ANPChildren from an AZC at a primary school
NOS Nieuws•vandaag, 15:04
Young asylum seekers should be able to receive lessons from unqualified teachers more often. Furthermore, if there is absolutely no other option, they have to spend fewer hours at school than other children. A new law that regulates this should come into force next school year.
Minister Dennis Wiersma sent his Temporary Newcomers in Education Act to the House of Representatives today. It contains proposals to prevent children of asylum seekers in particular from receiving education in the coming months.
At the moment, it is estimated that there are more than 2,000 newcomers in secondary education who are of compulsory school age who do not receive lessons because there is no place for them. And waiting lists are also increasing in primary education.
Wiersma wants this to change. In regions where there is no room for these young people of school age, ‘temporary newcomers’ facilities’ (tnvs) must be set up, which means that a number of important obligations in regular education can be deviated from.
Students in front of the class
For example, if a vacancy cannot be filled by a qualified teacher, students may also be put in front of the class. However, they are not allowed to teach core subjects such as Dutch and math. This exception already applies to Ukrainian children, for whom separate classes have been set up.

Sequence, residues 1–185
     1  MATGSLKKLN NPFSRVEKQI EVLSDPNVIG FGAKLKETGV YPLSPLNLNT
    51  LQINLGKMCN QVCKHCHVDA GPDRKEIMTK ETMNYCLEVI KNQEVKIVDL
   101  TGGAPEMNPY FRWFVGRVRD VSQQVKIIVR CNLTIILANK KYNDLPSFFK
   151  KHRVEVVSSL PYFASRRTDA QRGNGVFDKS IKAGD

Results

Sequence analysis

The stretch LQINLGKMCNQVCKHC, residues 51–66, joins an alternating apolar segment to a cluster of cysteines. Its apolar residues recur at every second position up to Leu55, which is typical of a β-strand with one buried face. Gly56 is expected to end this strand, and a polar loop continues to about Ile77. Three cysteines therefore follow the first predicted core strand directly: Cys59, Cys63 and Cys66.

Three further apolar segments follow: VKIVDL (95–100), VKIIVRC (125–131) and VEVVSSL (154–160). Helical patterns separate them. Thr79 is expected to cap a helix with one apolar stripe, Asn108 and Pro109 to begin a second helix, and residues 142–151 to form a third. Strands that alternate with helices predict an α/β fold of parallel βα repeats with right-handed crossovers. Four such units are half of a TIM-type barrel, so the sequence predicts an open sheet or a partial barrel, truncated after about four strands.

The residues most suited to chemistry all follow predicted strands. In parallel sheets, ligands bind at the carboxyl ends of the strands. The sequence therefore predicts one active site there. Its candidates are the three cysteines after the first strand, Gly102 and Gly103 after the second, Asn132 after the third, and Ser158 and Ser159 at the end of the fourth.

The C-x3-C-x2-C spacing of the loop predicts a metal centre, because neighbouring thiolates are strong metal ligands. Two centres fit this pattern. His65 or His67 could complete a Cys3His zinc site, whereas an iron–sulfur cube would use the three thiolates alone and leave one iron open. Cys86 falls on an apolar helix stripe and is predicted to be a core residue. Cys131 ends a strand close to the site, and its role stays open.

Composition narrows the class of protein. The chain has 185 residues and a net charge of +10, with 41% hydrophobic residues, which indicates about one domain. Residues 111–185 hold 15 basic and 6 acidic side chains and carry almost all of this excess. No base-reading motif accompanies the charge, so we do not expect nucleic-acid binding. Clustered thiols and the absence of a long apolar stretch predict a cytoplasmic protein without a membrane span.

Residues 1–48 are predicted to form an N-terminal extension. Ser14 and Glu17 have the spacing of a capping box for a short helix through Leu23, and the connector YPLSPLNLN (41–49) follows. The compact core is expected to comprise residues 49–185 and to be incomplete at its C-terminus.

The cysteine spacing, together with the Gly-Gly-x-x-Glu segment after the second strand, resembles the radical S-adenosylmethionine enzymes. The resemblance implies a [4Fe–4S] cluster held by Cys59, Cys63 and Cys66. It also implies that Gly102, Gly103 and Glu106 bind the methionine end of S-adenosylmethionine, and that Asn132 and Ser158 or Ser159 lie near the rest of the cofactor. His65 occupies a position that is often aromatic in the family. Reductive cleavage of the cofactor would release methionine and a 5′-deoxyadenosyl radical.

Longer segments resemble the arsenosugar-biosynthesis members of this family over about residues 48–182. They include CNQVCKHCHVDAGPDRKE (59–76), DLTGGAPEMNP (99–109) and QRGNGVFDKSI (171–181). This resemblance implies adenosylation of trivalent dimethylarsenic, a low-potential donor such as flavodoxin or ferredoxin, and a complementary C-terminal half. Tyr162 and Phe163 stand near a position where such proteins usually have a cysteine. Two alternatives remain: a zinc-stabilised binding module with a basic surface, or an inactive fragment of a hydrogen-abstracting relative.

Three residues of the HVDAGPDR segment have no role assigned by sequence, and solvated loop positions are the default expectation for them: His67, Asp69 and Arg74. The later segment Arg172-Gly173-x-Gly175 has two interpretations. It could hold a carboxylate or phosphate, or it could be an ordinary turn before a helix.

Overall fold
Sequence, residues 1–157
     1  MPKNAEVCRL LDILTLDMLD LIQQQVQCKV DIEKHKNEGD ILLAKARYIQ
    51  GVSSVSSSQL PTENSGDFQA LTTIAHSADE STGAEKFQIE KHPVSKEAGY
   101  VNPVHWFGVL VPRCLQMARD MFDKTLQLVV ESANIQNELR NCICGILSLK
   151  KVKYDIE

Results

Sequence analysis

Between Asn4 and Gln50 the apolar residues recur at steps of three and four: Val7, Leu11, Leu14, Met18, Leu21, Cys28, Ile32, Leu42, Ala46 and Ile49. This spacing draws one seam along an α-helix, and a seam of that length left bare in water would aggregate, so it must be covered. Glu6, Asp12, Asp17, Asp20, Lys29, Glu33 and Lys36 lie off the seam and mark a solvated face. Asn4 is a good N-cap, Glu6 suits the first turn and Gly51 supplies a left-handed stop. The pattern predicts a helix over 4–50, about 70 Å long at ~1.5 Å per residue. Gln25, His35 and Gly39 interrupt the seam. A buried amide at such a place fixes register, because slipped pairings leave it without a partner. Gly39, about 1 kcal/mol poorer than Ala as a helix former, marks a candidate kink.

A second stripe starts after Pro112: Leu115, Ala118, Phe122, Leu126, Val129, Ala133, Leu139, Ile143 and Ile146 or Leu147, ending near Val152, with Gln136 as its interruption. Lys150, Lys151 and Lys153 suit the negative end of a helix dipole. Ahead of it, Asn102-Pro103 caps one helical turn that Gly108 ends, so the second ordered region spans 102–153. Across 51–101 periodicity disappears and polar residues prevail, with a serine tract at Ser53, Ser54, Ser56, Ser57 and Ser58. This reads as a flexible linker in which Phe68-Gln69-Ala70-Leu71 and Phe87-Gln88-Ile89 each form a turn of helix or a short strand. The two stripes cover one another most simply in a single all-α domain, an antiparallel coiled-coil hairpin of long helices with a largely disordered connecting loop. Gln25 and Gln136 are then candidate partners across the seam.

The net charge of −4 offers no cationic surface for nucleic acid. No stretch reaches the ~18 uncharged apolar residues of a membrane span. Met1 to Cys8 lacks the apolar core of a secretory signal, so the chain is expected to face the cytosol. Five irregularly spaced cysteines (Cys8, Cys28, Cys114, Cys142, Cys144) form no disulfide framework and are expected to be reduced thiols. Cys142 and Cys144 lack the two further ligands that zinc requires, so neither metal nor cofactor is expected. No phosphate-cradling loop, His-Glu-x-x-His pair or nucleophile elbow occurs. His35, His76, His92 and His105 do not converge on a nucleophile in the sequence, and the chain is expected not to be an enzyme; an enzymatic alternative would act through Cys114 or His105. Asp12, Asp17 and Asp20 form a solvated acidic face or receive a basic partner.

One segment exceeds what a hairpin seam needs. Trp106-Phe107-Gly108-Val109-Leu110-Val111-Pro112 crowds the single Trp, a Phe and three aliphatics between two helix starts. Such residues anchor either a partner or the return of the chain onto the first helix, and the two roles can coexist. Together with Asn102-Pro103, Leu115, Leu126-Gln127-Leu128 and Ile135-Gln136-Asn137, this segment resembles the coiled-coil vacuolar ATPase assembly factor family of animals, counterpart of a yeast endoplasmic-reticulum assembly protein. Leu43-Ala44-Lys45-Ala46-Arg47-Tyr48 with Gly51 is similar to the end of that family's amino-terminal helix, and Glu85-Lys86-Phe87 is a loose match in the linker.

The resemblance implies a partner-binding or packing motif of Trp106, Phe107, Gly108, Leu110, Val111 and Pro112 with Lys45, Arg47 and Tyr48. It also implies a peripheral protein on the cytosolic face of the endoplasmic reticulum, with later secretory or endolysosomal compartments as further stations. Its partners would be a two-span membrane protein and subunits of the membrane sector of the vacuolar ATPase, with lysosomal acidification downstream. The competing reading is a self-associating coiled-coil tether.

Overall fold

Furthermore, in emergencies, for example if too few staff are found, fewer lessons can be given than in regular education. However, students must always receive lessons for at least 12.5 hours per week, spread over three days. And at least ten teaching hours per week must be devoted to learning the Dutch language.
Treat with urgency
The new law obliges schools and municipalities to make annual agreements about a comprehensive range of education in the region, so that no school age is deprived of education. If they do not do so voluntarily, the minister can, in extreme cases, force school boards to arrange something for children who would otherwise fall by the wayside.
Wiersma asks the House of Representatives to urgently deal with his law. It must be adopted by 20 June at the latest in order to get it through the Senate in time. Otherwise, the law cannot enter into force until the new school year has already started.